By accident or design, the internet and social media have during the electioneering campaign ahead of the just concluded election increased the false information and conspiracy theories sparked off against Ize-Iyamu in the last political dispensation. This no doubt caused Ize-Iyamu real harm offline, especially because digital literacy and digital policy are both currently unable to keep up with the pace of change.

At this juncture, it is expedient to caution that politicians should be cautious of how the image of their political opponent is tarnished all in the name of de-marketing him or her before the electorates ahead of any election.  It is against this backdrop that one can say that a salient lesson has been learnt from this aspect of putting people down in politicking.

As a prelude to how anyone can learn from Obaseki’s feat in the election, it is expedient to say that electioneering campaigners have for ages been grappling with the answer to the question; “How does a person decide whom to vote for?” The question has indeed become a riddle that it has remained very hard to solve. However, political pundits have identified a number of factors and tried their various combinations. They count on party loyalty, ideological inkling, ethnic and religious affiliations or simply a community’s vested interest.

Some think that an untoward incident can give rise to a wave of sympathy that can make voters change their earlier decisions and cast the ballot in favor of the sufferer or victim. This is termed as the sympathy vote. Without any iota of exaggeration, this is one factor that helped Obaseki as not few electorates sympathized with him over his disqualifications ahead of the primary conducted by the APC in the State, and the broadcast made against him by the national leader of the party, Senator Ahmed Bola Tinubu. Majority of the Edolites unanimously stood on the same grounds that “Edo Is Not Lagos”. The political apothegm was no doubt expressed at the polls on Saturday.  The slogan started resonating in electronic and social media as soon as it was clear that there were conspiracy to give Obaseki what is now politically known as “Ambode Treatment”, and given the fact that Tinubu’s recent broadcast that trended on social media platforms the decibel of the mantra reverberated thereby positively impacting on the electoral successes of Obaseki across almost all the polling centres in the State. Political observers have attributed his victory on Saturday to the sympathy votes that both Oshiomhole and Tinubu had inadvertently invoked by the roles they played ahead of the election.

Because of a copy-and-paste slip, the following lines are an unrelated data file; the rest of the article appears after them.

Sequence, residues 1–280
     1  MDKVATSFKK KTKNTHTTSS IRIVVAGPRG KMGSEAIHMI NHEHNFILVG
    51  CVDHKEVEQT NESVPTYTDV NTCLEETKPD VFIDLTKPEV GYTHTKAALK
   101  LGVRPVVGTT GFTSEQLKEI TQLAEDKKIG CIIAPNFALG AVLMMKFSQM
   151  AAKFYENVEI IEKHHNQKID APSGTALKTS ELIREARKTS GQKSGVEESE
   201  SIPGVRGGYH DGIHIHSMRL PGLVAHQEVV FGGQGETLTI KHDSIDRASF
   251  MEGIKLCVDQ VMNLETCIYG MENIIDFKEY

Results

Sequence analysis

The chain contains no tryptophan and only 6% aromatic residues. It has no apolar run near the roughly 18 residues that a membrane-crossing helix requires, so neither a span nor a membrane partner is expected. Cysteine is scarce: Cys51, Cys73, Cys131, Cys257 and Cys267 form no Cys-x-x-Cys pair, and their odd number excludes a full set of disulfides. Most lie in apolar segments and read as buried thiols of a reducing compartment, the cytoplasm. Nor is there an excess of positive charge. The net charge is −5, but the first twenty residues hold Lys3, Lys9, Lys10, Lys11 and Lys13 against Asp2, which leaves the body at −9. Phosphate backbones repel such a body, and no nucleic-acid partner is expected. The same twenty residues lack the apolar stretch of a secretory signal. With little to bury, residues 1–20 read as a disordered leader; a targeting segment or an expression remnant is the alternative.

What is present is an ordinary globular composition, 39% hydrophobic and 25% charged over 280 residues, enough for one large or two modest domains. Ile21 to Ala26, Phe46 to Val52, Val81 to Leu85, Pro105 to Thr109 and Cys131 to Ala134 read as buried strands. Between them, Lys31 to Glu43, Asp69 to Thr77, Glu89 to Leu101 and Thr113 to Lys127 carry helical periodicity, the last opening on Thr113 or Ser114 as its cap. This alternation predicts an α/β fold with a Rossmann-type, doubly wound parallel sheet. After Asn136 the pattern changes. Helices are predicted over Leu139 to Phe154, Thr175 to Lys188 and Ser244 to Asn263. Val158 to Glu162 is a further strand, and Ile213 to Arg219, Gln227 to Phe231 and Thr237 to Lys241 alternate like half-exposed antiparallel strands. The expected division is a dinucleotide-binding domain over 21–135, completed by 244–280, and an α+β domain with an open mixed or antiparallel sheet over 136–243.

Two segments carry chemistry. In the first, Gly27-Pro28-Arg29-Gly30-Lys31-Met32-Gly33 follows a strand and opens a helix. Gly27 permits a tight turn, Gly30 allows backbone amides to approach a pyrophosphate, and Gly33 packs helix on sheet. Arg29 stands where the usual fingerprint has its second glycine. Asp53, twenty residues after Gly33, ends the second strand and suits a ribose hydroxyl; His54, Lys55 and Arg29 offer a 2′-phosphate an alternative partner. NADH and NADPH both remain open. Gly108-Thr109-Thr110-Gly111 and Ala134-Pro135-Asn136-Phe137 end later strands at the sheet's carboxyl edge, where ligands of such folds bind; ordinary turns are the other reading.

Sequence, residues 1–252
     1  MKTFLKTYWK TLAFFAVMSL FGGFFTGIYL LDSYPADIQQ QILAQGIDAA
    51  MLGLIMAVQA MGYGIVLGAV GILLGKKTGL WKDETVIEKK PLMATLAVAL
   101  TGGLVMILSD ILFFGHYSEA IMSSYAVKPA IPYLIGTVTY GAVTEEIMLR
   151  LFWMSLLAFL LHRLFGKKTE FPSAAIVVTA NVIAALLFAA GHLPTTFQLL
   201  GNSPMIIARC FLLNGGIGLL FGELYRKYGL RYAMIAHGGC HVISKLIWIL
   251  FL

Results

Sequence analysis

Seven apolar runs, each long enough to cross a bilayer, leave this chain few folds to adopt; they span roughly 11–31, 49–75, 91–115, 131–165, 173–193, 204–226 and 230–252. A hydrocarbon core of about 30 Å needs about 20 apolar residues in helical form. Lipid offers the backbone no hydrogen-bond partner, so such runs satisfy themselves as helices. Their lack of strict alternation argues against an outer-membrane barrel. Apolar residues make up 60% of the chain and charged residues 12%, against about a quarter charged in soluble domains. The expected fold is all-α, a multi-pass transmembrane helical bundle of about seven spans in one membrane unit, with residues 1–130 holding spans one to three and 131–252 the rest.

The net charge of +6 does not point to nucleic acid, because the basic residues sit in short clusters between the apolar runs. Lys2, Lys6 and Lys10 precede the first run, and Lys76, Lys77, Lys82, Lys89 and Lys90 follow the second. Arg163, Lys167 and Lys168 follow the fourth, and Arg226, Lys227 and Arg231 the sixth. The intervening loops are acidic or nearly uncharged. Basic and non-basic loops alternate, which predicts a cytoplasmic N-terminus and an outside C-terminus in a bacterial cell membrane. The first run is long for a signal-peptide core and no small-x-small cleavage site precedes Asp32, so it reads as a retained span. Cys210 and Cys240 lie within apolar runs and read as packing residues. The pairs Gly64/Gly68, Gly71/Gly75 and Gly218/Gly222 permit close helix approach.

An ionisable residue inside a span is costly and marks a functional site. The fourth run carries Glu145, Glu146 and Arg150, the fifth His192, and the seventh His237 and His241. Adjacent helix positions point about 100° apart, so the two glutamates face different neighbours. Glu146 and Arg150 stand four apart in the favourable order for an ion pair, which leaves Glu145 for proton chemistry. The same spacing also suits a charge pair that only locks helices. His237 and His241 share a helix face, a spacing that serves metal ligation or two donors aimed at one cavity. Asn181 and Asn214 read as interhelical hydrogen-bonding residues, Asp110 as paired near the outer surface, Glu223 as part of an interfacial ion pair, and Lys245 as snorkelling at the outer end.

Looking at the lesson to learn from Oshiomhole side of the political debacle, it will be nice to look at it from a proverbial perspective. For instance, there is an African proverb that says “He that pursues a cock should be ready to fall many times”. As it is, the fall has started. With the foregoing in mind, it would have been better for Oshiomhole if he had heeded calls from eminent Nigerians that he should stop pursuing Obaseki.